Seattle Mariners Notes: Washburn, Branyan, and The Trade Deadline

Casey McLainSenior Analyst IJuly 31, 2009

ANAHEIM, CA - AUGUST 12:  Starting pitcher Jarrod Washburn #56 of the Seattle Mariners reacts after giving up a home run to Vladimir Guerrero #27 of the Los Angeles Angels of Anaheim during the game at Angel Stadium on August 12, 2008 in Anaheim, California. The Angels defeated the Mariners 7-3.   (Photo by Christian Petersen/Getty Images)

As the trade deadline approaches this post may become irrelevant quickly, as the trade deadline will come and go as I’m on my way to the ocean.

I’d just like to update and offer my opinion of the Mariners news and rumors.

Jarrod Washburn to Detroit for Luke French and Mauricio Robles

The deal has been reported as either two or three pitching prospects for Washburn at this point.

The Mariners actually appear to have gained as a result of holding onto Washburn for another year.

Scott is a fly-ball prone lefty. Though he's posted good numbers this year, his rookie season, his fly ball propensity from the left side is part of a redundant element the Mariners have in their rotation.

While Scott has a projectable frame, (6’4”, 220 lbs), Robles is less projectable (5’10”, 160 lbs). But Robles has posted more than a strikeout per inning in split time between Single-A and Advanced-A ball.

Zduriencik’s back

After an awful trade for Jack Wilson (and Ian Snell, the good part of the deal), Z came back and made a trade that made sense.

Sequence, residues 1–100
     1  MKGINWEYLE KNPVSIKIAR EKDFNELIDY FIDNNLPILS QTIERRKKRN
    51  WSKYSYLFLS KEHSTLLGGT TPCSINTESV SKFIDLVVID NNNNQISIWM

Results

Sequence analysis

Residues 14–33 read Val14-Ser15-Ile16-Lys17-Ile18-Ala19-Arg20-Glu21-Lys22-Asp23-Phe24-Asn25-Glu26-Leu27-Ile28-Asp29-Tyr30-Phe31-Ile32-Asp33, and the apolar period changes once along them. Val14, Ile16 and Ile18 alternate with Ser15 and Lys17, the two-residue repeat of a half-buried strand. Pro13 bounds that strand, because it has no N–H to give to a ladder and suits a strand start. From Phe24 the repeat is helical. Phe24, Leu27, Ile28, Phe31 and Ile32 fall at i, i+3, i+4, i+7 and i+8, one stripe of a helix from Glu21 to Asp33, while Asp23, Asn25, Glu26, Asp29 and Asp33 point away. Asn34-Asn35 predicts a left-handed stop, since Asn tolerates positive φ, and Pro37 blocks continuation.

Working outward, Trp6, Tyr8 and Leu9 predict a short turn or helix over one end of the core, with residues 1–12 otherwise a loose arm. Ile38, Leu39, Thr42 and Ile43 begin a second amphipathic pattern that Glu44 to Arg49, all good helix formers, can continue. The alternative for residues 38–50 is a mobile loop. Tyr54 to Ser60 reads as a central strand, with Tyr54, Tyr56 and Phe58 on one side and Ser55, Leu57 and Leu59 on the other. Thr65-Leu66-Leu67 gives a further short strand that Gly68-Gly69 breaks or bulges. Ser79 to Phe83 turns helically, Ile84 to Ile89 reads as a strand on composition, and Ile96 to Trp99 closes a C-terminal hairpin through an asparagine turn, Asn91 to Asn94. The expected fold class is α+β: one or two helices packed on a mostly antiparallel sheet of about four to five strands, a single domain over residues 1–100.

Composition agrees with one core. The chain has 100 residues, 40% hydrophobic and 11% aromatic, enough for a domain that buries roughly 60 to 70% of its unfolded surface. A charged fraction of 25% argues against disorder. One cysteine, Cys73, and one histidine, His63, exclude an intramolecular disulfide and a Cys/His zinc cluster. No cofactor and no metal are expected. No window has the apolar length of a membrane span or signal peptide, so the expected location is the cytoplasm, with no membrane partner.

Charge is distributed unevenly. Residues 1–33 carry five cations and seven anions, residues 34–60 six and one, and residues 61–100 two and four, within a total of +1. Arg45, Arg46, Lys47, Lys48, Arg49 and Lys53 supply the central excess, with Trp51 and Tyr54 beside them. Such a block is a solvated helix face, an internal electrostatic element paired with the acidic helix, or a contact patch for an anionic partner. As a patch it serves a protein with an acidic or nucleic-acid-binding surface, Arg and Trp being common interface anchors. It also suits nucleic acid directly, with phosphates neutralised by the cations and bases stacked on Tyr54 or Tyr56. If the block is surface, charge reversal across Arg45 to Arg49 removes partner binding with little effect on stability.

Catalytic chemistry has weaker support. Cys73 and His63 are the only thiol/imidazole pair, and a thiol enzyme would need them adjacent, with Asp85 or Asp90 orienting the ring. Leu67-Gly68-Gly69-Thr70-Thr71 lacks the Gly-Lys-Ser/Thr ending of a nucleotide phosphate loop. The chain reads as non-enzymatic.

Wilson could still get flipped for somebody, anybody would be good, as the only way to make his acquisition a coup—if he’s not traded—is to not pay him $8.4 million next year. Otherwise, they’ve traded several prospects for an overpaid, aging shortstop.

Snell offers a very good contrast to the rest of the Mariners young pitcher’s, apart from Felix Hernandez and Brandon Morrow, as he’s right handed.

Bullpen pieces

A lot of teams appear to be seeking bullpen help, which the Mariners have.

David Aardsma will be arbitration eligible after this year, and will certainly be looking at a raise, though in his first year of arbitration it may be a fairly modest increase.

Mark Lowe has the type of physical tools, an electrifying fastball and good slider, that team’s may view as a future-closer repertoire. Between injuries and inconsistency, he hasn’t put it all together, but a team may fall in love with his stuff.

Miguel Batista drew interest earlier in the year, but it may have cooled. The Mariners may have to assume most of Batista’s salary to recoup on any of his salary in a trade.

Branyan Dilemma

Branyan’s a mid-30’s successful reclamation project, but a reclamation project none-the-less.

He’s due for a huge pay increase next year, and even in an optimist’s world, has three or four more productive seasons left in his body.

The Mariners may have missed out on the market for a bat, as the Pirates got Tim Alderson for Freddy Sanchez, which would have been a great addition to the Mariners.

However, the Red Sox appear interested in acquiring Victor Martinez, and after the PR dilemma that is David Ortiz’s leaked positive test, they may be concerned about his already reduced production.

The rumor is Clay Bucholz will go to Seattle as part three-team Martinez trade, is Wilson the piece from the third team?

After two clunkers, Zduriencik returned in a big way in his acquisitions from Jarrod Washburn. This year’s deadline is easily the most anticipated in the past half decade, but with some high-paid, injury-prone veterans, the Mariners may be able to make significant moves before the waiver deadline also.